Do not let your lack of stock experience stop you from making huge cash gains in the investment industry! Here is all you need to know about beginner investing
Are you intrigued by the stock market but don’t know where to start? If the answer to this question is yes, you’re in the right place. Did you know that you can start investing with as little as $5?
If you want to start investing but you don’t have any stock experience, keep reading for some tips on how to get started.
How to Start Investing With Little to No Stock Experience
First things first. If you have the money to start investing, the earlier the better. But, don’t just jump in head first without doing a little research first. Start small and work your way up to investing more.
Some of the best cheap stocks you can buy are under $1! Use these tips to help you navigate your first foray into the stock market.
Research & Understand the Market
You don’t need to have stockbroker-level knowledge, but having an understanding of the market and its relationship with the economy is important. Jumping in without understanding economic and investment market cycles is a recipe for disaster.
A little knowledge will go a long way and help you remain calm as the market cycles up and down, as it will do. When stock prices are low, you should buy more. When they’re high, you buy fewer stocks. This is called dollar cost averaging.
Set Long-Term Goals
Setting long-term goals will also help you keep your cool when the market fluctuates. If you know that you don’t need your cash for a few years, it will be easier to stomach dips in the market.
Think about what you’re saving for. Do you need money for retirement, to purchase a home, or to pay for college expenses for your children? Your long-term goals will dictate your investment strategy.
If you need a high return on your investment within a few years, the stock market might not be the best idea, due to the volatility.
Know Your Risk Tolerance
Related to your long-term goals is your risk tolerance. Your risk tolerance is how you feel about risk and the degree of anxiety you feel when risk is present. You can use risk management to figure out what your investment strategy should be.
If you know what your risk tolerance is, you can avoid investments that may make you anxious.
Your risk tolerance might also depend on your age and long-term goals. If you are starting young, say in your 20s or 30s, you can afford to make riskier investments. You’ll have time to recoup those losses if you are saving for retirement, for example.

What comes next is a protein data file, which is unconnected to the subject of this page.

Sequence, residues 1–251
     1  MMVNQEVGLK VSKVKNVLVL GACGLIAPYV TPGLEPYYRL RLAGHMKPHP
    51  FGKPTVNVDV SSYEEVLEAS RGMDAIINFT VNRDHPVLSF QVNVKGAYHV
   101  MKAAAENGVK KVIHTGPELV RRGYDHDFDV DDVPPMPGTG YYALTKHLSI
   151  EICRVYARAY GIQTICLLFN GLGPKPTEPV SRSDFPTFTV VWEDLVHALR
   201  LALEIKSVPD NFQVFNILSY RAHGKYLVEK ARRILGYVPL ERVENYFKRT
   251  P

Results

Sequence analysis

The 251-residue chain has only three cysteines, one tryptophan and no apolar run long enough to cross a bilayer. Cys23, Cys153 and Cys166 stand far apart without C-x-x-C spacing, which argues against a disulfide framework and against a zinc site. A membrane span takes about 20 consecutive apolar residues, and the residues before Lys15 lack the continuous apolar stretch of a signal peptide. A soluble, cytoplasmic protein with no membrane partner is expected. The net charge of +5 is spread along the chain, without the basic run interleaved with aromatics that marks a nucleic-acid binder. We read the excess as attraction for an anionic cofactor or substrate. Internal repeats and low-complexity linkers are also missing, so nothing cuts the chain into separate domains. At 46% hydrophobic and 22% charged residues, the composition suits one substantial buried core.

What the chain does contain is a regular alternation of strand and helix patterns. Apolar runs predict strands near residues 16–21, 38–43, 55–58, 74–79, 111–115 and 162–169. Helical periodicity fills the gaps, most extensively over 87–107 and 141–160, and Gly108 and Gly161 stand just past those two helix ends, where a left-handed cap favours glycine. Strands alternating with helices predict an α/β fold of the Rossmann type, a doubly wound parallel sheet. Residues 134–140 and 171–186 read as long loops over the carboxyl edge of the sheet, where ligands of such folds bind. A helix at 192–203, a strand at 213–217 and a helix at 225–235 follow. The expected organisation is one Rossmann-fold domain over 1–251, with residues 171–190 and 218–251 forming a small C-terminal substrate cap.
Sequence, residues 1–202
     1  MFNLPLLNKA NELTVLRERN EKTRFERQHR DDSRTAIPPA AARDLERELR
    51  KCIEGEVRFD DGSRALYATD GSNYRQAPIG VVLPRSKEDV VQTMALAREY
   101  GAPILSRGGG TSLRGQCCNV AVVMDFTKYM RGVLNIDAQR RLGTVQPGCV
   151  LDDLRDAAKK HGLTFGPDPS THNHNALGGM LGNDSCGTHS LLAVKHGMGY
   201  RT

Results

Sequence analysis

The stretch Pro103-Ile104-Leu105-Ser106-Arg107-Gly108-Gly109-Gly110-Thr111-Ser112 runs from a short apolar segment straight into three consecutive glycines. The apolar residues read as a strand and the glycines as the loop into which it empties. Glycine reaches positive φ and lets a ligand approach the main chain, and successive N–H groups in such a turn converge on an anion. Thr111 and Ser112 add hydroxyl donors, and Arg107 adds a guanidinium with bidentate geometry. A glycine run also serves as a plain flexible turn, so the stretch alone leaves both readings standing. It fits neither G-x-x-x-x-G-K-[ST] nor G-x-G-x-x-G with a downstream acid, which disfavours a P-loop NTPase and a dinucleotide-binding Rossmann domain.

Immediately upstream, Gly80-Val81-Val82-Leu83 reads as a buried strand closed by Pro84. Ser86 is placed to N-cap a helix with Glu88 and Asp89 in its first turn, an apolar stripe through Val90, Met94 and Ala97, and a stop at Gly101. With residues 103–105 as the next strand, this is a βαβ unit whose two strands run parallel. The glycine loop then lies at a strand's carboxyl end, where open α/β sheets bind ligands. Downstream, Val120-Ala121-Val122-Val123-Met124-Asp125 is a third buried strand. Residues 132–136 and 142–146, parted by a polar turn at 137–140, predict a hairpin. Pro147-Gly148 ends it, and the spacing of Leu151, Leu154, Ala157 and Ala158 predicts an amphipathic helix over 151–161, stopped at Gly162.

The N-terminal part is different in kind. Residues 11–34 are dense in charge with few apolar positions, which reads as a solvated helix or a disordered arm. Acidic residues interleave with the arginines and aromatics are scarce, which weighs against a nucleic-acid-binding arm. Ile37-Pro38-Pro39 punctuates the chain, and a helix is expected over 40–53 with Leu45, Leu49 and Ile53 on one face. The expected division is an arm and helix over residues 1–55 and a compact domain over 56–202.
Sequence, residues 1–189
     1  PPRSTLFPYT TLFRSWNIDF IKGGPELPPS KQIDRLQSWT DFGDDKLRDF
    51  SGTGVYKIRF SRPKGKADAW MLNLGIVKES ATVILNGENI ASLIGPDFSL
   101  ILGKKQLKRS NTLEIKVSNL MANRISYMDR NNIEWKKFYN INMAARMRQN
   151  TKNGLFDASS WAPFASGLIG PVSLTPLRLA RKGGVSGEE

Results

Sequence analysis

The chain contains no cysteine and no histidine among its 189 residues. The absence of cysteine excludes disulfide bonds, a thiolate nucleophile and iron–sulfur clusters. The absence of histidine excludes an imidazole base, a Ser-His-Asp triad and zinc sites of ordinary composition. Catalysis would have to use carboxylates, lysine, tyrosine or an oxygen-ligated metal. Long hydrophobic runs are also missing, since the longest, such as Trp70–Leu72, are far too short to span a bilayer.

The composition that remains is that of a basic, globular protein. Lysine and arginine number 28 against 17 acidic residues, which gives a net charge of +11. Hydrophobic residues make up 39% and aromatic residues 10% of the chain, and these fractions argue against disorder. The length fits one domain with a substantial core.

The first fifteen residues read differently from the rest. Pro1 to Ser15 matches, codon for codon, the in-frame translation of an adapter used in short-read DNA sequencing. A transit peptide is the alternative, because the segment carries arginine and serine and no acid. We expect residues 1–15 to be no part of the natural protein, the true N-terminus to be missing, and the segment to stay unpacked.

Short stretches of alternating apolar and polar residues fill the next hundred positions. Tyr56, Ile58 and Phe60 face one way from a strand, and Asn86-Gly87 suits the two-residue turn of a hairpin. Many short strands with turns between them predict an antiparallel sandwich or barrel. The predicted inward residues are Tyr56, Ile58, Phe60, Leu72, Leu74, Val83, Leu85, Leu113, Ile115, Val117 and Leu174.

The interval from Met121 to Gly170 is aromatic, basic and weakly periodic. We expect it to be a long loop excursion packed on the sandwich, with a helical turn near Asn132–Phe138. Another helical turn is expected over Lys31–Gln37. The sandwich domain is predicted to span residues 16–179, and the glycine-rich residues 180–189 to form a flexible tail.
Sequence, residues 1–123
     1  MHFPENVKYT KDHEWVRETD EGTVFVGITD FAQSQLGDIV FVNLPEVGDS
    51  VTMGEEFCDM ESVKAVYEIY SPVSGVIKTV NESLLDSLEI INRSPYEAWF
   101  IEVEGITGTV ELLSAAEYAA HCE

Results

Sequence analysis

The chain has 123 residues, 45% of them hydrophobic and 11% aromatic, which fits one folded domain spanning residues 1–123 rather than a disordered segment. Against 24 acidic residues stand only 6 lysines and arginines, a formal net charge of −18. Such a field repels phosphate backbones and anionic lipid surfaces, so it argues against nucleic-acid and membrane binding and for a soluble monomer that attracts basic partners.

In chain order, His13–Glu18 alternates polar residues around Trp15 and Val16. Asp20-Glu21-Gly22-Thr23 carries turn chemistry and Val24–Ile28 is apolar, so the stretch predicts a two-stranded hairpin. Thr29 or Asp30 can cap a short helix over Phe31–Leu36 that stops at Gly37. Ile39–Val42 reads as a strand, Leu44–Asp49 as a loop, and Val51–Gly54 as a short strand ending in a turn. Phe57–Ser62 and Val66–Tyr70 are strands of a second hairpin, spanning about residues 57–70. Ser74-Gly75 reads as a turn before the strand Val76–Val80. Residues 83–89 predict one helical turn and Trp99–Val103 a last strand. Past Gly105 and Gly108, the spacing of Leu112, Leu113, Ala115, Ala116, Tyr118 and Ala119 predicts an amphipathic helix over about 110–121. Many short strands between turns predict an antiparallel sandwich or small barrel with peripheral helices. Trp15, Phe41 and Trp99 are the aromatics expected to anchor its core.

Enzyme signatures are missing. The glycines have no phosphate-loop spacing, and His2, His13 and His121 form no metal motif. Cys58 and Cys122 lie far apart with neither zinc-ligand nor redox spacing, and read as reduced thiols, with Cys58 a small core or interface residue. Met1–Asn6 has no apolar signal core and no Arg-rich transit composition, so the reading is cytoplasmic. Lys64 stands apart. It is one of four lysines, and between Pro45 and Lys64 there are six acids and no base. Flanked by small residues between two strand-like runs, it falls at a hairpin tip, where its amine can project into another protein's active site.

As you get older and closer to your projected retirement date, your investments should get less risky.
Check Your Emotions
The stock market is not the place for emotions. Making financial decisions using your emotions, rather than your head, usually doesn’t end well. Avoid getting emotionally attached to specific stocks. When investors do this, they often ignore the changing fundamentals of the stocks and are unable to recognize when to sell.
Having a knowledgeable stockbroker or financial advisor can help with this, as they can guide you without the emotional attachment that you may have.
Avoid putting all of your investment in stock from only one company. If that company folds or tanks, you lose your money. The advice to never put all your eggs in one basket is relevant here. You need to diversify your investments.
By diversifying, you can reduce the volatility of your investment and protect your stock portfolio from being significantly impacted by sudden changes in market conditions.
Even if one or two sectors under-perform, others might over-perform, and make up for any losses. There is such a thing as over-diversification though, so be careful to strike an appropriate balance.
Evaluate Your Investments Regularly
Your stock portfolio is not a Ron Popeil rotisserie. Do not set it and forget it. You should regularly check your portfolio and make adjustments as needed. However, keep your long-term goals and your emotions in mind. Don’t just jump ship if things are going south; evaluate your options and decide if that fits into your investment strategy.
Evaluate your portfolio regularly and adjust your holdings accordingly to your set exit points. The stocks which are not moving anywhere should be sold so that you can free up the cash for other opportunities.
A good rule of thumb is to only invest what you can afford. Don’t invest money that you can’t afford to lose. The stock market is too volatile to do this. Don’t invest your emergency savings. That should be kept in a savings account or another account where you can access it any time you need it.
Ask For Help
Even though you should have some understanding of the stock market, your investment strategy, and how much you want to invest, there are professionals who can advise you. If you are confused or overwhelmed, talk to a professional.
Seeking the assistance of a trusted stockbroker or investment advisor can help get you on the right path and provide an objective look at your investments.
The Bottom Line
Don’t let fear or lack of understanding keep you from investing in the stock market. You don’t need stock experience to get started and be successful. Do some reading and some independent research, budget what you can invest, and seek out a professional if necessary.
Investing is totally doable, even for beginners. For all things finance, check out our blog. You can learn more about investing, the stock market, making yourself more employable, and how to increase your income.